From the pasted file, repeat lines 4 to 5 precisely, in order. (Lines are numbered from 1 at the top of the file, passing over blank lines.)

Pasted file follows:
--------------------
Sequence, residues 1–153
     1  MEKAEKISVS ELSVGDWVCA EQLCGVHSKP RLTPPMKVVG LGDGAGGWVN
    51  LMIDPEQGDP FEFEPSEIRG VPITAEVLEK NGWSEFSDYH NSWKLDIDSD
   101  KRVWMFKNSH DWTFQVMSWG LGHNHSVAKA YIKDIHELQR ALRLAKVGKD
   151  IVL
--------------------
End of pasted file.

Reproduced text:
   101  KRVWMFKNSH DWTFQVMSWG LGHNHSVAKA YIKDIHELQR ALRLAKVGKD
   151  IVL